Here’s FCC Chairman Tom Wheeler latest challenge to cable and phone companies: He said today that he’s circulating a rulemaking proposal designed to help Internet users keep private data about who they are, where they go, the sites they visit, and the applications they use.
“Every broadband consumer should have the right to know what information is being collected and how it is used,” he said in a piece on the Huffington Post. “Every broadband consumer should have the right to choose how their information bits are used and shared. And every consumer should be confident that their information is being securely protected.”
While Internet Service Providers (ISPs) will be able collect data to improve service, consumers could bar them from sharing the information.
“This isn’t about prohibition; it’s about permission,” Wheeler says. The FCC is scheduled to vote on March 31 about whether to begin the rulemaking process, including seeking public comment.
Wheeler’s proposal asks for input about specific practices including whether ISPs should be allowed to charge consumers more if they choose to keep their personal information private.
The FCC already limits the way traditional phone providers use data. Wheeler’s proposal would extend its authority to Internet communications. It also would only apply to ISPs — not sites such as Twitter and Facebook, or sites owned by broadband providers. They’re regulated by the Federal Trade Commission.
The proposal would give consumers opt-out rights to to stop ISPs from using personal data to market other services, or share the information with affiliates.
ISPs would have to ask users to opt-in, or give their permission first, before using data for other purposes.
The rules also would require them to take specific steps to protect customers’ privacy. If there’s a data breach, then ISPs would have to inform customers within 10 days, and the FCC within a week. If more than 5,000 people are affected, then the FBI and Secret Service also would have to be told within a week.
The proposal would not affect government surveillance, encryption or law enforcement.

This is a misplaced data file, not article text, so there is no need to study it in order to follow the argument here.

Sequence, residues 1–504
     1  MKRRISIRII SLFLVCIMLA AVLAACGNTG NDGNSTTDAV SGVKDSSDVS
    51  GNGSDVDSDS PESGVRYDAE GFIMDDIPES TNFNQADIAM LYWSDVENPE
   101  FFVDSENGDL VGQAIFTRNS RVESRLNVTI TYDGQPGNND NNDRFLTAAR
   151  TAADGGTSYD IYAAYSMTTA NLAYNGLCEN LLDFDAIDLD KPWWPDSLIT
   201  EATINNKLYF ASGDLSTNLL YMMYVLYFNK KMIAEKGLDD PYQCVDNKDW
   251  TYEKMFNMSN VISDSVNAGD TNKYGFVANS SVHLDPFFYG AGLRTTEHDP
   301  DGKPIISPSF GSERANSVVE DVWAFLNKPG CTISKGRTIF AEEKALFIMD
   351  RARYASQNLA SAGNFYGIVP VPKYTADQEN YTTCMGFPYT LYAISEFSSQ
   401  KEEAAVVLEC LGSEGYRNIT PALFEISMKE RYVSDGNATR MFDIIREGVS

Last week several cable and phone trade groups including the National Cable and Telecommunications Association proposed a framework for new FCC privacy rules. They urged Wheeler, in a letter, to provide “flexibility for [Internet] providers to implement and update their practices as consumer expectations and technologies evolve.”
After Wheeler unveiled his plan, the NCTA said it’s “disappointed” that the rules on ISPs “are at odds with the requirements imposed on other large online entities. As the full Commission considers further action, we hope that it will engage in a more sober assessment – one guided by facts and not demonstrably false claims and fears – to promote an approach that will ensure greater consistency in consumer privacy protection and fair competition among all Internet participants.”
Consumer and free speech advocates — including the American Civil Liberties Union, the Center for Digital Democracy, and the Consumer Federation of America — urged Wheeler this week go farther.
They’re alarmed by a number of developments, they said in a letter to the chairman this week. For example cable companies such as Comcast and Cox are using set top box data to profile subscribers for targeted advertising.
Internet service providers — led by cable and phone companies — also are “leveraging their position as gatekeepers to the Internet to harness [Web usage] data in powerful and invasive ways.”
Today the Center for Digital Democracy’s executive director, Jeffrey Chester, called Wheeler’s proposal “a major step forward for the U.S., which has lagged behind other countries when it comes to protecting consumer privacy rights.”
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